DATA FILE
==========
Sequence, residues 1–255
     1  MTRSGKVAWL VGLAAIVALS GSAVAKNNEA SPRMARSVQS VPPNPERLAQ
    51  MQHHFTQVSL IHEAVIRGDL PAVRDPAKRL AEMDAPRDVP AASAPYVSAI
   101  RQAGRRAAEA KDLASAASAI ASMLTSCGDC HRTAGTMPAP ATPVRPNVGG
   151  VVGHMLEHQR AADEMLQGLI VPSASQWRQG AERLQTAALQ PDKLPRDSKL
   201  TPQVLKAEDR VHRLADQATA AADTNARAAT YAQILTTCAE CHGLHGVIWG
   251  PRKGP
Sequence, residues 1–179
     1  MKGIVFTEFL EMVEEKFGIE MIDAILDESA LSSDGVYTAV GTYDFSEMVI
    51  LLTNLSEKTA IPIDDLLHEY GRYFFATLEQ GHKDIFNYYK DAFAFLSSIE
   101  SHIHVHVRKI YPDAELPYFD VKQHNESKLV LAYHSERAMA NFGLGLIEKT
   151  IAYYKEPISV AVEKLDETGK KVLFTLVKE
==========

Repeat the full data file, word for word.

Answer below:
Sequence, residues 1–255
     1  MTRSGKVAWL VGLAAIVALS GSAVAKNNEA SPRMARSVQS VPPNPERLAQ
    51  MQHHFTQVSL IHEAVIRGDL PAVRDPAKRL AEMDAPRDVP AASAPYVSAI
   101  RQAGRRAAEA KDLASAASAI ASMLTSCGDC HRTAGTMPAP ATPVRPNVGG
   151  VVGHMLEHQR AADEMLQGLI VPSASQWRQG AERLQTAALQ PDKLPRDSKL
   201  TPQVLKAEDR VHRLADQATA AADTNARAAT YAQILTTCAE CHGLHGVIWG
   251  PRKGP
Sequence, residues 1–179
     1  MKGIVFTEFL EMVEEKFGIE MIDAILDESA LSSDGVYTAV GTYDFSEMVI
    51  LLTNLSEKTA IPIDDLLHEY GRYFFATLEQ GHKDIFNYYK DAFAFLSSIE
   101  SHIHVHVRKI YPDAELPYFD VKQHNESKLV LAYHSERAMA NFGLGLIEKT
   151  IAYYKEPISV AVEKLDETGK KVLFTLVKE